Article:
6. Proper Footwear
Depending on the extent of the foot deformity, the pain of a bunion may require no treatment other than proper footwear. The American Academy of Orthopaedic Surgeons offers several tips for purchasing shoes that fit properly. They include ideas such as trying on shoes in the evening rather than the morning, since this is when your feet are at their biggest. Also, walk around in the shoes to determine their comfort. Make sure there is enough room at the widest part of the shoe. If your feet slightly differ in size, choose a shoe that is comfortable for your larger foot.
5. Ice and Medications
The pain and swelling of a bunion may improve with ice application. You may discover that applying an ice pack provides relief from the pain of your bunion. Apply an ice pack or ice wrapped in a cloth for no more than 20 minutes at a time to keep swelling down. Nonsteroidal anti-inflammatory agents can also help with the pain and inflammation of the swollen joint of the toe. Speak with your physician about whether medications such as ibuprofen or naproxen may be helpful for your pain. If arthritis is contributing to your bunion, your doctor may prescribe additional medications.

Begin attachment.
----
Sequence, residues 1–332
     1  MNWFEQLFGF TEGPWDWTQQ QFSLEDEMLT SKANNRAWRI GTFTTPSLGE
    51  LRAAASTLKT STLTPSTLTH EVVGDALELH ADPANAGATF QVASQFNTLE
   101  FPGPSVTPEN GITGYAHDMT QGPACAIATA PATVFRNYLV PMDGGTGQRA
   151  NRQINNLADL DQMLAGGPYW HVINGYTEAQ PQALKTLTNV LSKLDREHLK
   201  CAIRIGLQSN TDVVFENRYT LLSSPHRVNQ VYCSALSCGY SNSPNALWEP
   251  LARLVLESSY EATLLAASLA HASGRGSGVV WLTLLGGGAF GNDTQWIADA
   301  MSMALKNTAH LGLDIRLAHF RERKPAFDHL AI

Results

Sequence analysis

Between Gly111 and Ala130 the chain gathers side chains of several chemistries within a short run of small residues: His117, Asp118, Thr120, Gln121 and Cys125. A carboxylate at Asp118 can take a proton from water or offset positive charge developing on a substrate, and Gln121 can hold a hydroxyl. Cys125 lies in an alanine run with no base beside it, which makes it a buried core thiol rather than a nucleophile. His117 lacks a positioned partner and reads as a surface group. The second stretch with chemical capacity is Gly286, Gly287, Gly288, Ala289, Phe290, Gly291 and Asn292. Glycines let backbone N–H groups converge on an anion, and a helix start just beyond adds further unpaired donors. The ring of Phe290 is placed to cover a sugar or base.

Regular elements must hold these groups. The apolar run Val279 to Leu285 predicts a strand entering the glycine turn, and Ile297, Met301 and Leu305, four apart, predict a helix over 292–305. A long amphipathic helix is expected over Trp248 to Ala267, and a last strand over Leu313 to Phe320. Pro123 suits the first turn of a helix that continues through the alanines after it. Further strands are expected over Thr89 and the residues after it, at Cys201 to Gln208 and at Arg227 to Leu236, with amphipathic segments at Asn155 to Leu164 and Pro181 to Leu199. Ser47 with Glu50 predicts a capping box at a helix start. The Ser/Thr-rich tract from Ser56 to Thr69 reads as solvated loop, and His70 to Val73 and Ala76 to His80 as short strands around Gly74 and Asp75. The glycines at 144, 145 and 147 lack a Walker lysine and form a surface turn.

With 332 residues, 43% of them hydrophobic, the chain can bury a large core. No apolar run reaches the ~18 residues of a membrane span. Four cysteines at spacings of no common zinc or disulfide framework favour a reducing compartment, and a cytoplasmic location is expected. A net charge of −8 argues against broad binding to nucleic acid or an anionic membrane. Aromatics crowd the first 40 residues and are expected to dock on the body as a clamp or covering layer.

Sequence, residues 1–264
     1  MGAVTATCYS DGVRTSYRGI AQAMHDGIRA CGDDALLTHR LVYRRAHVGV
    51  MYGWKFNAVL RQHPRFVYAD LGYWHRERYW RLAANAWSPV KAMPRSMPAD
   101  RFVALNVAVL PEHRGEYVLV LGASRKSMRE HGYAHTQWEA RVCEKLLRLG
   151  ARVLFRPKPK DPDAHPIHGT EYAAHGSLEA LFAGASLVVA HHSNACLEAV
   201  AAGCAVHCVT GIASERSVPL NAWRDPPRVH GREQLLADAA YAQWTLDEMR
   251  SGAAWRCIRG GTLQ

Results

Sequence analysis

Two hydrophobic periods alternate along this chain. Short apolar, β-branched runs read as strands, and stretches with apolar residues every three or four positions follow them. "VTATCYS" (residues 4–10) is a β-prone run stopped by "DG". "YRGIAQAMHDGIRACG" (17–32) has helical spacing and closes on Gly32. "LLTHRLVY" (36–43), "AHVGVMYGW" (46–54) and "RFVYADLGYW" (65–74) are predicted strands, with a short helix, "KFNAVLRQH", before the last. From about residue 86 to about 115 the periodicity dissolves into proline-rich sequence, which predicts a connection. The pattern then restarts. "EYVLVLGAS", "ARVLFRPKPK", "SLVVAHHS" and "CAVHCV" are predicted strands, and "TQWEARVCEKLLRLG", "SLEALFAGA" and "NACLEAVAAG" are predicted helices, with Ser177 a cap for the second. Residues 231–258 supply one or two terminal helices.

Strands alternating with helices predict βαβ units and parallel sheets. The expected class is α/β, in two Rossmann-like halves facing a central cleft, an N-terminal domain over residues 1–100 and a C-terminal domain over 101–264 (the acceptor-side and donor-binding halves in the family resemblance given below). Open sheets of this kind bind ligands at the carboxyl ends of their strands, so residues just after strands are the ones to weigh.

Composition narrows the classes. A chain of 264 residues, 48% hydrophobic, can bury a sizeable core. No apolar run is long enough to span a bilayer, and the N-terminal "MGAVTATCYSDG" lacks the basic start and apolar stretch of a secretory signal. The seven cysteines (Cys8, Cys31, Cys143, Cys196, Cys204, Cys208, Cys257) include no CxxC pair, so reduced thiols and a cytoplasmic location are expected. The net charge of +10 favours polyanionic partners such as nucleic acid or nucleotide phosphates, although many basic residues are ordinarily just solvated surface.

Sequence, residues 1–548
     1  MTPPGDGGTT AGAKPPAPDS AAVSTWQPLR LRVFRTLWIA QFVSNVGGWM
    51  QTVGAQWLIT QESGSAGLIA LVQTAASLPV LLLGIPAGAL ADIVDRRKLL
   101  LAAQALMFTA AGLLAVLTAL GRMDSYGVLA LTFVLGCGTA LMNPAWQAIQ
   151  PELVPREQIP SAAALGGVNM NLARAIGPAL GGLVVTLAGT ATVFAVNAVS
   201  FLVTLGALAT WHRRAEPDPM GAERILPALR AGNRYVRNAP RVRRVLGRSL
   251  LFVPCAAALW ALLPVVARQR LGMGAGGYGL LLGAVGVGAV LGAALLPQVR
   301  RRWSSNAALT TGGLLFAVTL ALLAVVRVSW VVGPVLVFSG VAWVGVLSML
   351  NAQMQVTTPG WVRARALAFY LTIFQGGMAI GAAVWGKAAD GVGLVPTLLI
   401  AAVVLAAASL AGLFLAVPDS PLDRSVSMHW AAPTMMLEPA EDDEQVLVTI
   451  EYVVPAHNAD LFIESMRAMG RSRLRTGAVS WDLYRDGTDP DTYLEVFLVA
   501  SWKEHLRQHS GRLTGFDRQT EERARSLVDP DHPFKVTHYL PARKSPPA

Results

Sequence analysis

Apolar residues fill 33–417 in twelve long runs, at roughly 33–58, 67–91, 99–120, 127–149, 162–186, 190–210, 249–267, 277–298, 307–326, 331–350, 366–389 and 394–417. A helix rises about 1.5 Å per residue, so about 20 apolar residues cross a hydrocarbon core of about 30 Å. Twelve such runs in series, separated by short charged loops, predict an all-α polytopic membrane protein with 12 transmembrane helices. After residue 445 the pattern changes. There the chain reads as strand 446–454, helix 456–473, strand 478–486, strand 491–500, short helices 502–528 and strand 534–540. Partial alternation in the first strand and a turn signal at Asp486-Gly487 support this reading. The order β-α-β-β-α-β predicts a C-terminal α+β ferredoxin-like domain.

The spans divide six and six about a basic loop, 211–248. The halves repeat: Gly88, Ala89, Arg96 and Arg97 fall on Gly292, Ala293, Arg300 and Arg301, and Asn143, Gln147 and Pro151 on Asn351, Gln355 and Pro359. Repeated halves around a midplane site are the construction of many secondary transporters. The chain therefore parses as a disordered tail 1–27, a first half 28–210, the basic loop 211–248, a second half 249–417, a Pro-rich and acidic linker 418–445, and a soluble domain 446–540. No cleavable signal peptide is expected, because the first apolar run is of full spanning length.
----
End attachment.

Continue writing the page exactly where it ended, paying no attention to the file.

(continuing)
4. Padding or Orthotics
While using padding or orthotics will not cure your bunion, they can provide pain relief. Over-the-counter pads may cushion and shield your bunion from pressure. Make sure the padding is not applying additional pressure to the joint of your toe. Instead, the padding should prevent your shoe from squeezing the bone. Placing a special spacer between your big toe and the second toe may relieve pain. Another bunion product is a special splint you can wear to bed that holds your toe in a straighter position. You may also speak with your doctor about custom-made orthotics or shoe inserts.